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Phoenix man arrested for euthanizing dog with sledgehammer

This undated photo provided by Maricopa County Sheriff's Office shows Ivan Lawrence. Phoenix police have arrested Lawrence, accused of using a sledgehammer to kill a seriously injured dog that had been struck by at least one car. (Maricopa County Sheriff's Office via AP)

LISTEN: Jesse Garcia, Owner of Beau the dog who was

PHOENIX — A Phoenix man who twice struck an injured dog with a sledgehammer as children screamed at him to not kill the animal told investigators later it was a mercy killing, police said Thursday.

The dog suffered a leg injury the evening of April 16 when it was hit by one or maybe two cars and then made its way to the front porch of the home of its owners, who weren’t home at the time, police said.

The dog was on the porch when 49-year-old Ivan Lawrence brought the 3-foot-long sledgehammer from his nearby home and killed the dog by twice striking it in the head, police said.

A witness reported that two neighborhood children “were screaming and yelling at the subject to stop,” police said in a probable cause statement.

Somebody called police and responding officers wrote a report. Detectives later investigated, resulting in Lawrence’s arrest

Lawrence told investigators he euthanized the dog because it was in pain, the statement said.

“The suspect admitted he was reckless in killing the dog in this manner and with children present to witness it.”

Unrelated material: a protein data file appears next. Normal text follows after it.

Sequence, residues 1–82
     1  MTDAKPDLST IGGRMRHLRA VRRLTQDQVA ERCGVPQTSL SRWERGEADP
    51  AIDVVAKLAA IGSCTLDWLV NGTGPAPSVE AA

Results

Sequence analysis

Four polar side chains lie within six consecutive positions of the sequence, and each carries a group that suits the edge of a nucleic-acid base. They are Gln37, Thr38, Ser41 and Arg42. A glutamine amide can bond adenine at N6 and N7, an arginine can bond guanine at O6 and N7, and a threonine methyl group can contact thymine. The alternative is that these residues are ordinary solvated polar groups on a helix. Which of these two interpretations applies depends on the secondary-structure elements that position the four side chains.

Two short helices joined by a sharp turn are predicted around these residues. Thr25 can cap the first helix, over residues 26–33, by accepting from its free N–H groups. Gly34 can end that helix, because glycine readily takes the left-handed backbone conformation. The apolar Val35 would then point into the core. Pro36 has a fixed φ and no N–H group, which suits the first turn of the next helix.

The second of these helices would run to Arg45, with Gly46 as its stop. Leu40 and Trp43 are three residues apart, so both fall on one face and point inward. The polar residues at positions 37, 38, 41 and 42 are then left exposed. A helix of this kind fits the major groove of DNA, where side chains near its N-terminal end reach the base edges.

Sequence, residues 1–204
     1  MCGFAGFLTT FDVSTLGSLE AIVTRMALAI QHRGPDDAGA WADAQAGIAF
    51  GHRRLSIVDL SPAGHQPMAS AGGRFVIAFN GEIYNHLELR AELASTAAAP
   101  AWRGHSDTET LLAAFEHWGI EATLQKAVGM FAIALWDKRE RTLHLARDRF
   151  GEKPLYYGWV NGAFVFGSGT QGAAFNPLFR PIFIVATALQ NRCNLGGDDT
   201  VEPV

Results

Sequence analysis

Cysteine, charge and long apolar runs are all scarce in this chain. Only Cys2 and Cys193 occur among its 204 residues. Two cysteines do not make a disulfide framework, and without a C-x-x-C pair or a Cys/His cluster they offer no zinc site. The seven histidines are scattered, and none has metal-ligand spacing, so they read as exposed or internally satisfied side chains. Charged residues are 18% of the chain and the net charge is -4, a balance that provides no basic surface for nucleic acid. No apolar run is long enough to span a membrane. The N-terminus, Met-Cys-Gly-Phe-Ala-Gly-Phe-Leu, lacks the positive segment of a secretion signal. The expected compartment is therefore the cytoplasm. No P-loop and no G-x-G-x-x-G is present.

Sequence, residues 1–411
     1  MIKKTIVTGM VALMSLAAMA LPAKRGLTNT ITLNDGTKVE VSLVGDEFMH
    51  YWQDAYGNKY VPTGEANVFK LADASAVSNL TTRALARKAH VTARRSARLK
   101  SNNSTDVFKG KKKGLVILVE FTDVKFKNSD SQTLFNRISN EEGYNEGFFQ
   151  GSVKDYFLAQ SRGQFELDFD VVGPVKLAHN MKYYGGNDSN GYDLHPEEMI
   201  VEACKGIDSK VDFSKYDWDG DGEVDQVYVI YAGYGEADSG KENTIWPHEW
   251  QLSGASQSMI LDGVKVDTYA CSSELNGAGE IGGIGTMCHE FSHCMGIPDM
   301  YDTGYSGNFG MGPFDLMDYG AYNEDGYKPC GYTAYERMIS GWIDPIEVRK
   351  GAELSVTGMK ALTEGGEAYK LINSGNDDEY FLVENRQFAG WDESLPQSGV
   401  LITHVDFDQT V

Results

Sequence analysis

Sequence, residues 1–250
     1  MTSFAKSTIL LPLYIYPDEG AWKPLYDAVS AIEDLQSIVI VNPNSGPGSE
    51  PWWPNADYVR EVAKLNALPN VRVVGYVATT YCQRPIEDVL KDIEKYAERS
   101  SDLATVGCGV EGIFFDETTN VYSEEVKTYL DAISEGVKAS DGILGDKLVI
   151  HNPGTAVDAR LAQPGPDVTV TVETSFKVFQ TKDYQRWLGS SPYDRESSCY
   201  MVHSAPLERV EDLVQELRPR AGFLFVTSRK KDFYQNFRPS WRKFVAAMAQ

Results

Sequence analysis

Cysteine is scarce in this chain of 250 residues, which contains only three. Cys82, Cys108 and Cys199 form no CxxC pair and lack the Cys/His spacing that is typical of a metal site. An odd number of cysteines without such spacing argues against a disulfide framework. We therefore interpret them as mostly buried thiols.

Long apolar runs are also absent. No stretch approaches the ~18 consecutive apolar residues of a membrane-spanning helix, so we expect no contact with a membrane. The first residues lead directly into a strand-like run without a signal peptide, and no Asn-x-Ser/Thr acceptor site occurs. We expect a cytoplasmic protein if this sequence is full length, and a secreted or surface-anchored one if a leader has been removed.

The officers who initially responded didn’t think a law was broken, but animal-cruelty detectives concluded otherwise, said Sgt. Vince Lewis, a Police Department spokesman.

“Once experts took a second look they determined there was probable cause to arrest the suspect.”

Lawrence remained jailed Thursday. He didn’t have an attorney during an initial court appearance.

A woman believed to be associated with Lawrence did not immediately respond to a request for comment.

During his brief court appearance, a judge set bail conditions that included not having any contact with animals.

“I have pets,” Lawrence said without elaboration as he asked whether the condition applied “from this point on.”

Yes, replied Commissioner Paula Williams. Unless another judge decides to change the condition, “you may not have any animals under any circumstances.”

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